11 June 2013

Department of Justice Releases Helpful Parenting Plan Tools

The Department of Justice has continued to expand its excellent Supporting Families Experiencing Separation and Divorce Initiative with three important new public legal education resources designed to help separating parents create parenting plans for their children.

If you go to the Family Law page on the Department's nicely redesigned website and click on the "Custody and Parenting" link you'll see four main subjects:
  • Create a parenting plan
  • Protect your children
  • Help your kids cope
  • Information for grandparents
Clicking on the "Create a parenting plan" link will take you to a new page with links to the three new resources, Making Parenting Plans, a Parenting Plan Checklist and a Parenting Plan Tool. The Department's backgrounder says this about the first and third resources:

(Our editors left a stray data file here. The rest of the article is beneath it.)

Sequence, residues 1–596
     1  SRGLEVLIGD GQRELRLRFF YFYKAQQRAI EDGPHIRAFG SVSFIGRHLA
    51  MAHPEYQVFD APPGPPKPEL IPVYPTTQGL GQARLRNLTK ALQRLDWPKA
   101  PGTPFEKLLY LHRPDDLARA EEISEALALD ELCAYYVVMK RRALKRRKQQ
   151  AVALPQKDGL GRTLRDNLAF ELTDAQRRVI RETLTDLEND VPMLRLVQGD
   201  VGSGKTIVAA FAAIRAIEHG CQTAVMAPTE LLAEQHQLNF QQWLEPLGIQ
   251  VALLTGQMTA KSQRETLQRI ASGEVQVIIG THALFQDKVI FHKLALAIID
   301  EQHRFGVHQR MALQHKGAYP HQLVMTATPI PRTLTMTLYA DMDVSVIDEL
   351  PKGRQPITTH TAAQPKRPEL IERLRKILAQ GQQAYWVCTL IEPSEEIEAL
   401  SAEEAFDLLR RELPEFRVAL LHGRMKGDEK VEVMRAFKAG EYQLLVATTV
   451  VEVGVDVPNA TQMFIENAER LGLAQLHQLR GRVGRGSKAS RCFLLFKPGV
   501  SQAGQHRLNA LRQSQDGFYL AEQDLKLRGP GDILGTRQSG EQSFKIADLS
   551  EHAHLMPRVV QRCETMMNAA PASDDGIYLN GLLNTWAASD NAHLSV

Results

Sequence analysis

"Making Plans gives parents information about what issues they need to address when coming up with a parenting arrangement after divorce (ex. schedule for time with children), as well as the processes that they can use to come up with this arrangement (ex. mediation, negotiation). This product promotes agreements between parents by emphasizing the importance of good communication, reducing conflict, and building a co-parenting relationship that focuses on the best interests of children.  
"The Parenting Plan Tool is a companion product to Making Plans. It is a practical guide to help parents develop a parenting plan. The Parenting Plan Tool contains sample clauses that parents can use as a starting point in developing their parenting plan."
These resources all give good, practical advice about planning for the care of children after separation and are well worth reading. The Department's backgrounder says that a PDF version of the resources will be available soon; that may be easier to use than the web-based version which breaks the resources into individual pages that can be somewhat difficult to browse through.

Another very useful feature of the Family Law page is the Child Support Calculator. You can't go wrong when you get your calculations from the horse's mouth.

My thanks to the incomparable Nick Bala, professor at the Queen's University Faculty of Law, for bringing the backgrounder to my attention.